Loz Blain Loz has been one of Gizmag's most versatile contributors since 2007. Joining the team as a motorcycle specialist, he has since covered everything from medical and military technology to aeronautics, music gear and historical artefacts. Since 2010 he's branched out into photography, video and audio production, and he remains the only Gizmag contributor willing to put his name to a sex toy review. A singer by night, he's often on the road with his a cappella band Suade.   All articles by Loz Blain
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5 Comments

And when the 'building with the green awning' redecorates, you get lost. And people who are color-blind are just left out entirely. How often does Navteq intend to update their database, and what will they charge you every time they do? I think this is not as good an idea as they think it is.

George Van Wagner
6th September, 2010 @ 11:46 am PDT

As the previous commenter said. In theory it is great but in practice it must be near impossible to keep up to date. Not only do visual queues change, they also get blocked by parked trucks or building activities.

But they have a point. Many people can't tell what 100 meters looks like so turning the instructions into more human form is a great idea. Very brave though for this company to try it.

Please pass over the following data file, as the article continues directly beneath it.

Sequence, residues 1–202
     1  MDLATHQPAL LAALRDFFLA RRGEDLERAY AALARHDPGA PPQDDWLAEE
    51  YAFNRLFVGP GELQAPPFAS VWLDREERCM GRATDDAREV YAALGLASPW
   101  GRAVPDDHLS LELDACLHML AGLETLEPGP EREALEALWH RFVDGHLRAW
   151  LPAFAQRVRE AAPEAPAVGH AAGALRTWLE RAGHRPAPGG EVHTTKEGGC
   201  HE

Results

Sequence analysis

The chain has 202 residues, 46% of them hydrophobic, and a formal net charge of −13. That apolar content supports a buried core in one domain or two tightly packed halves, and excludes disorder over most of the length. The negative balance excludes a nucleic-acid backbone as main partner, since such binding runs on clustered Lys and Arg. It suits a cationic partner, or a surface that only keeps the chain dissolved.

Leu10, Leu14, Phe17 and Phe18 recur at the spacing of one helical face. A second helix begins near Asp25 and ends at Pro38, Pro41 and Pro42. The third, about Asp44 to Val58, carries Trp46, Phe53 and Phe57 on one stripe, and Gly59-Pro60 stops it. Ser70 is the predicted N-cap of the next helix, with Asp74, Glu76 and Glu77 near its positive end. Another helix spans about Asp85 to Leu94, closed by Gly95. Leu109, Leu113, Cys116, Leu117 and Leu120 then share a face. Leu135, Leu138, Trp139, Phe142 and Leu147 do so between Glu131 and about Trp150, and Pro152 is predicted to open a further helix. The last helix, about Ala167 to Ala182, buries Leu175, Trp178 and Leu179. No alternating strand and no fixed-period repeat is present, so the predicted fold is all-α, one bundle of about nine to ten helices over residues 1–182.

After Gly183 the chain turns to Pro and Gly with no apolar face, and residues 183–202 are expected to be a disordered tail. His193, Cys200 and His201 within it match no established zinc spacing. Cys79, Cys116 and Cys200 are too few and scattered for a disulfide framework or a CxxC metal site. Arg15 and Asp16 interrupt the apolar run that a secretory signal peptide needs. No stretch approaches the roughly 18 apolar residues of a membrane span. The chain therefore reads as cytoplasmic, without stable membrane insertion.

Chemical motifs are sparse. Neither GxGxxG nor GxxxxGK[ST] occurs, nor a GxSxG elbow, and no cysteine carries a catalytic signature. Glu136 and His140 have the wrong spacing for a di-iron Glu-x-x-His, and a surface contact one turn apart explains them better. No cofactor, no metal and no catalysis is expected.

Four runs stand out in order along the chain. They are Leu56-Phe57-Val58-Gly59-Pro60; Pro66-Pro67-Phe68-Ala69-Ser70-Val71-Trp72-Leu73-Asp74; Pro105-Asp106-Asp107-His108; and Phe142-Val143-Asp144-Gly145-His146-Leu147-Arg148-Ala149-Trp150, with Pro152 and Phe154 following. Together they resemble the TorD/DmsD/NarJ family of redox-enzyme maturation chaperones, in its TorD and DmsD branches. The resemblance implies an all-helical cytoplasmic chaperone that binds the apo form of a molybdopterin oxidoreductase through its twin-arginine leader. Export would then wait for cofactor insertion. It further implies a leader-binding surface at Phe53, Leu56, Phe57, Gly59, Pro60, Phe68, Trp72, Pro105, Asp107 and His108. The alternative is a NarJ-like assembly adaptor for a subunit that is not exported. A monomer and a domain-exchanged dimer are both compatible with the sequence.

When you drive with a person next to you that is navigating that person tends to wave her arms pointing left and right on where to go. Possibly Navigation can be super imposed on the windscreen as kind of a HUD device.

Paul van Dinther
6th September, 2010 @ 03:24 pm PDT

Instead of asking up to 85GBP for an update I wish they's rather just save the money and pass the savings on to the customer.

Francois Retief
7th September, 2010 @ 07:32 am PDT

Some of the issues mentioned in the article apply equally well to Google Maps, particularly the "street view" option. How often are the photos comprising street views updated ? Try checking your own neighborhood or local roads; some are up to date, others not. Seasonal/weather changes apply as well. These will always be challenging for any mapping service until we "achieve" full-time surveillance of all roadways, at which point we will have computer guided automobiles available.

Dave Brumley
7th September, 2010 @ 11:08 am PDT

I hate the voice, i turn the sound off, I also use the map view as I can't stand arrows and fake streets, they are never very clear. Personally I would like it if it made one tone turn left soon and one for turn right soon. then I can glance at the screen and get more details if need. Most of the time it

My gps says , turn right in xxx yards at xxxx street. "turn" is redundant. "IN" is not needed "xxx yards" is most likely is not accurate enough to be counted on, is it based on when she starts talking or stops, half the time I am through the turn when it gets to the street name. And honestly isn't the street name pointless many roads go by different names, may you don't know the name till its to late.

So how ding for right tun in 15 seconds at current speed, and dong for left turn in 15 seconds at current rate of speed. And if you want you can make a third tone at 30 seconds out, in case you need to change lanes..

then put all the possible names of the streets in big letters on my GPS.

Well it won't happen, marketing people drive product development and marketing people like words.

Michael Mantion
7th September, 2010 @ 08:26 pm PDT